The features of a hardcase pack varies depending on which one you get but all share some similarities. Often this includes a keyed lock which locks it on to the cradle, a button you can push which gives a vague indication of battery charge, a charge port that uses a barrel or XLR connector, and recessed contacts on the bottom which connect with the cradle to form the connection. Additionally on some of the newer designs you may find a USB port or even a small switch on the bottom which can turn the pack itself off. WARNING: To avoid power surges do not leave a device plugged into USB while plugging and unplugging from charger/cradle as this may damage your device. While these features can be nice, please keep in mind that nonessential extras are a freebie and cannot be supported by Luna Support to the extent that the battery itself can. (if for example the USB module gets damaged this module is not repairable because no replacement module is available) You can test voltage on usb port with this guide.

    For best performance be sure to click this link on charging new packs!


    Since the pack is rather heavy it is recommended that you reinforce the pack in a variety of ways.
    There are many points on the cradle where you could potentially put new holes to run zipties around the downtube to increase rigidity, this is a good idea especially for the heavier packs.

    You could also use hot glue on the downtube (on both sides)to get a better platform to secure the cradle and battery, this will reduce the amount of side to side movement.

    Additionally on many packs (Shark) you will see that the pack itself is held to the cradle with a series of small plastic tabs. These tabs are exposed to a lot of stress over time. You may consider putting a light coat of epoxy over them to reinforce here. A great addition when riding is to use heavy duty velcro straps and wrap around both battery pack and downtube, effectively strapping the pack tight in place. This can be a good idea if your primary use is over rough terrain.
    Another approach is to make your mount through the metal on the cradle for a more rigid mounting:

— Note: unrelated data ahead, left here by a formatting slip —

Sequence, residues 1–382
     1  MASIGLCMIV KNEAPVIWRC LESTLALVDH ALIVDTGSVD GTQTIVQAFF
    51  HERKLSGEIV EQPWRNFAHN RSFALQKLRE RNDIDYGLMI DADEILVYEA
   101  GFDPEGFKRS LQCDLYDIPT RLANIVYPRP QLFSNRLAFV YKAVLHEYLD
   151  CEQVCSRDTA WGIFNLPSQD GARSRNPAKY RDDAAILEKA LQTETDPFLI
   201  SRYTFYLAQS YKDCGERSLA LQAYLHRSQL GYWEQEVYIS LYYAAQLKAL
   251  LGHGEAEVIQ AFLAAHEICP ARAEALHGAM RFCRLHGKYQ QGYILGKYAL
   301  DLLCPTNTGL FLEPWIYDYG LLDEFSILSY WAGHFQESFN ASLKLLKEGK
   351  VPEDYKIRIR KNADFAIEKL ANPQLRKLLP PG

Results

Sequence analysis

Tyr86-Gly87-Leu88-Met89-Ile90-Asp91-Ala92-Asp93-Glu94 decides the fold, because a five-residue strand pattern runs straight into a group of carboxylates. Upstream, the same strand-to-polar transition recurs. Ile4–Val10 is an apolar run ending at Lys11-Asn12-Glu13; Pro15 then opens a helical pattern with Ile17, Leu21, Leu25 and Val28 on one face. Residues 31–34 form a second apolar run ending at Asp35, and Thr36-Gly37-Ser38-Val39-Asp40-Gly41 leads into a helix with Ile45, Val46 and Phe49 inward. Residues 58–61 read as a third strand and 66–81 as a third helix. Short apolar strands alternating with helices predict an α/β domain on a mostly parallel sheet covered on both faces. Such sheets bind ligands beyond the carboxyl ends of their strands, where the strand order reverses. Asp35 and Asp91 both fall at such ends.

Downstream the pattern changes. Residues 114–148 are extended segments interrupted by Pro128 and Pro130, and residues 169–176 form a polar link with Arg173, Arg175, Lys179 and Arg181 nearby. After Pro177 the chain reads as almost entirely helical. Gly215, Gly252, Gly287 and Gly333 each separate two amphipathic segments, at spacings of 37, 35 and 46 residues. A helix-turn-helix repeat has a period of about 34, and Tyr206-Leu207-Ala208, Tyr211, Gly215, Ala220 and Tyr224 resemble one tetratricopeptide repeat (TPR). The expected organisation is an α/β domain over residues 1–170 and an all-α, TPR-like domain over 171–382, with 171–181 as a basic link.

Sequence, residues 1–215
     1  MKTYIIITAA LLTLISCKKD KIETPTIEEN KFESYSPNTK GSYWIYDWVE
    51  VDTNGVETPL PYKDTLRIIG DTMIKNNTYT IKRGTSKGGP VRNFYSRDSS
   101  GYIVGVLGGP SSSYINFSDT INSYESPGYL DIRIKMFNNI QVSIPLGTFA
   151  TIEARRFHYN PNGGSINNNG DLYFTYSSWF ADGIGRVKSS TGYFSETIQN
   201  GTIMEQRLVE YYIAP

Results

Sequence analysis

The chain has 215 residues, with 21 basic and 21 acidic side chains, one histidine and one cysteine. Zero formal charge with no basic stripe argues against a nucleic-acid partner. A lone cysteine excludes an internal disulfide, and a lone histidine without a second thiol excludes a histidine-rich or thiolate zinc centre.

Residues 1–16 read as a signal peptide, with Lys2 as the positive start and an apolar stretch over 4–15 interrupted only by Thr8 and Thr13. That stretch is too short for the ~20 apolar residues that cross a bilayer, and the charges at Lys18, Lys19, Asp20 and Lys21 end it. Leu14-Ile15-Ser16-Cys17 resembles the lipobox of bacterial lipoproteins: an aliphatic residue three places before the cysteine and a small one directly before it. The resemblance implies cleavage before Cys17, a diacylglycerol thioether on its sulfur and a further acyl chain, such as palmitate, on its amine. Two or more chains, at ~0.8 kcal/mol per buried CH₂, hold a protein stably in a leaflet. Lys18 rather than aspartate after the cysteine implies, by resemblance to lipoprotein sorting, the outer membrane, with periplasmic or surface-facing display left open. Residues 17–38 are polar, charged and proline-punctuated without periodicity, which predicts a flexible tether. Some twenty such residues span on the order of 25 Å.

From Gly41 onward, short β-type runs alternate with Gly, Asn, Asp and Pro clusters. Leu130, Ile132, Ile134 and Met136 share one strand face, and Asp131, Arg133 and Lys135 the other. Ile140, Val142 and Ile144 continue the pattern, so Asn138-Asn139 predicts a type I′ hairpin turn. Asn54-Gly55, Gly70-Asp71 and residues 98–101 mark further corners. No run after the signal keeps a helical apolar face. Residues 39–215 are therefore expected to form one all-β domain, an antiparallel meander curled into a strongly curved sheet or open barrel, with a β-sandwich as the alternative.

How long should i leave the pack plugged in?
    You should leave it plugged in until it is charged or maybe a little bit before it is fully charged, optimally you want it to be within a range of voltage/charge percentage equaling something like 80 to 90%, perhaps a bit lower if storing for a long time such as over the winter. This will optimize it for the longest amount of cycle life. You can still charge to 100% right before a ride though as this does not negatively affect the cells much, it is more about not leaving the cell at 100% for a long period of time than about never letting it reach that charge level.
    How do i know when it is fully charged?
    If your battery or charger has a voltage display on it then you can tell that is fully charged based on the voltage readout, there are also voltage displays and simple voltmeters. You can also test the voltage with a multimeter directly from the discharge connector. See below for a rough estimate of how voltage equates to charge percentage, keep in mind these are estimates and not guaranteed, it may vary depending on age of battery and how it has been treated.

    Why does my charger have a different voltage than the battery listed on the label?
    The voltage listed on your battery is just the nominal voltage, it actually goes higher and lower depending on the charge. The charger outputs at t him he highest voltage that the battery would reach when fully charged. See the chart above for your particular battery and look at the 100% voltage level, that is about the voltage it should be charging at.
    How to handle XT60 charger adapters?

    This is a standard xt60 barrel adapter. Replacements sold here. Treat it delicately and don't let it hang off the bike. For example keeping the battery on a surface where the cable can also rest.
    Are there things I can do to best care for the battery and prolong its life?
    You can best care for the battery by not running it all the way down to zero, for the best care of it you really want to keep it above 20%. This is where having a large capacity battery is great because you will not be putting it through such a high depth of discharge, thus increasing its cycle life. Another way of caring for the battery is to make sure you use the right type of cell for your application, and if you are using a cell not designed for high amps, try not to pull too much amps from it. So if you are for example using an NCRB pack designed for range, if you want max cycle life maybe don't use it for a high performance application that would be better suited for a cell like GA or 30Q. Ideally you also want to be storing your batteries at about 50% capacity, only charging to 80% of capacity and discharging to 10% of capacity, while taking time to sometimes charge all the way to 100% for 1 or 2 cycles every month in order to keep it balanced since it will only do balance charging when it is at 100%.